Whether if you are for or against #occupyvancouver you cannot deny the fact that todays ruling is a direct violation of the charter.
to which I responded:
@alexpensato @soyvancouver not so. Upheld right to protest; just no structures on public land. #occupyvancouver
this was then met with the following:
@BSnowsell Sorry. I made a pact w/ myself not to speak to trolls. Pls stay under your bridge. cc @soyvancouver @infil00p @symbi0 #DNFTT
A few days later I was having a prolonged Twitter debate with a good friend of mine who's political leanings are diametrically opposed to mine. We often spar and generally it is good natured and I value his view even though I don't agree with it: that is the nature of a free and open society after all. But our debate was joined by another and I found it interesting that the pro-Occupy folks feel a great deal of liberty to infer motive to my opposition to the Canadian variant of the movement. When I stated my opposition of illegal demonstrations it was characterized as unease over uncomfortable demonstrations.  But, I was not at all uncomfortable walking by the protesters. I've been in many uncomfortable situations, that was not one of them.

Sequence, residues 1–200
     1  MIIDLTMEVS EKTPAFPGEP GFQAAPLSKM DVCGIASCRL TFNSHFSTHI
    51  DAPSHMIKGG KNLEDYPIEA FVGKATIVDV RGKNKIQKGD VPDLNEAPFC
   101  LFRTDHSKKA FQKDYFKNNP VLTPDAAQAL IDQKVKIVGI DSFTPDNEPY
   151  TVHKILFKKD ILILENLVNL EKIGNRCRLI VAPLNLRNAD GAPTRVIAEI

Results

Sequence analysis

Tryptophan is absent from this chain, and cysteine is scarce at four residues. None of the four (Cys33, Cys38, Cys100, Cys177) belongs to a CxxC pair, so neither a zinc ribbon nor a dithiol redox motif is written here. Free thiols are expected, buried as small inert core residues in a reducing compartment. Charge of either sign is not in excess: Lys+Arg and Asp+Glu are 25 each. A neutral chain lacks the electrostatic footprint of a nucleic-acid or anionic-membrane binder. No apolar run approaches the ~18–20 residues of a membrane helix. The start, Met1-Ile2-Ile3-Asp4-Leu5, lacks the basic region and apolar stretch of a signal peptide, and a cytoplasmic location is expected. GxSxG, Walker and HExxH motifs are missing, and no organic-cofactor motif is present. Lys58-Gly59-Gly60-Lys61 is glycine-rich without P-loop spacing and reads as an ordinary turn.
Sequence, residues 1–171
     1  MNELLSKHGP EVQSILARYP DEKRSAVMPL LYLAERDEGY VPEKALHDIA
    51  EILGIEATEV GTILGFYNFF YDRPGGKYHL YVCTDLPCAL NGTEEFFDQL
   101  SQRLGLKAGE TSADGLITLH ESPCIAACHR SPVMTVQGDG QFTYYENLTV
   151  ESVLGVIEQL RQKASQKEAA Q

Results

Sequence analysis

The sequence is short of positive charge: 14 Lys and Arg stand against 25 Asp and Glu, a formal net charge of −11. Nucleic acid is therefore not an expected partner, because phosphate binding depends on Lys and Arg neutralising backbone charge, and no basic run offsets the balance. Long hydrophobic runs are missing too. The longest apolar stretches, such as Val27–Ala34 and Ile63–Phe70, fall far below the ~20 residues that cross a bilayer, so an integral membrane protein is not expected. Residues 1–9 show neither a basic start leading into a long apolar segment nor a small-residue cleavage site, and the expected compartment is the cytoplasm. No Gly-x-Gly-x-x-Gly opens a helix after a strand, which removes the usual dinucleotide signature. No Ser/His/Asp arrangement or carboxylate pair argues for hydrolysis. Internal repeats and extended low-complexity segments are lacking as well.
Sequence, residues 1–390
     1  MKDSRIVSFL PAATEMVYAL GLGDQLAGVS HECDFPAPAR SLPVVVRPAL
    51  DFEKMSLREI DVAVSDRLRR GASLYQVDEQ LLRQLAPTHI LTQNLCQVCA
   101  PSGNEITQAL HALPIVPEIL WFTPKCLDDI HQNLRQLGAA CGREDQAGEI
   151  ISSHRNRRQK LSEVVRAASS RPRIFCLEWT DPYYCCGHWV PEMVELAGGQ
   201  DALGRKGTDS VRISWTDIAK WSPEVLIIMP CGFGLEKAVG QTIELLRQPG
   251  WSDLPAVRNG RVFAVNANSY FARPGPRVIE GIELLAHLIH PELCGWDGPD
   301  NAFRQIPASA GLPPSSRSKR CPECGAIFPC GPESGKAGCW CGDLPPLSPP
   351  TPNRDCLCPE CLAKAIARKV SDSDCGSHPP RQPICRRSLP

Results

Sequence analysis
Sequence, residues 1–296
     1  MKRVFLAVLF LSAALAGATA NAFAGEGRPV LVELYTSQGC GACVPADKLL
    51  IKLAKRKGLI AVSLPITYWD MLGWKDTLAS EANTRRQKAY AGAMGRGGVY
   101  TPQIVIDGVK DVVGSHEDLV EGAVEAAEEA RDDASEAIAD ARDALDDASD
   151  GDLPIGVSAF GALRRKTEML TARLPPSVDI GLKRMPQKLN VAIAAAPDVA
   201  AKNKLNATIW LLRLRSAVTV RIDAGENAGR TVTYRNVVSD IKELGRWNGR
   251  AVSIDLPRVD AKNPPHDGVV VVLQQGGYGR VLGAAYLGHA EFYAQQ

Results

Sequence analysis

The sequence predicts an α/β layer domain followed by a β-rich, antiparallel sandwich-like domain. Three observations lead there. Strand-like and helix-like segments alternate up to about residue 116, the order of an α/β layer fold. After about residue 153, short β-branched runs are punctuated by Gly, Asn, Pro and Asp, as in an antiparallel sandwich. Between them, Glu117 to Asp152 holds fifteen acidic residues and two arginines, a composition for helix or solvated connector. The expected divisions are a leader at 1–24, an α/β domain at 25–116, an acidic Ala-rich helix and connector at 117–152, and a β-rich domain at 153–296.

When I suggested that, far from being representative of the majority, this movement was a few malcontents yelling loudly, it was assumed that I was afraid of the voice (of the people) and that made me uncomfortable. I again asserted that I was not opposed to free speech but was opposed to the "fringe trying to derail Canada." I was then labelled as paranoid.

For all my life I've watched special interest groups and professional lobbyists make a scene to garner attention...and it works. It's how Greenpeace and PETA stay in existence. They thrive on spectacle and aim to shut the opposition up by making it politically incorrect to speak against them. If you do, well shame on you--you're against [whatever it is they're for] and NO civilized person could ever be against THAT.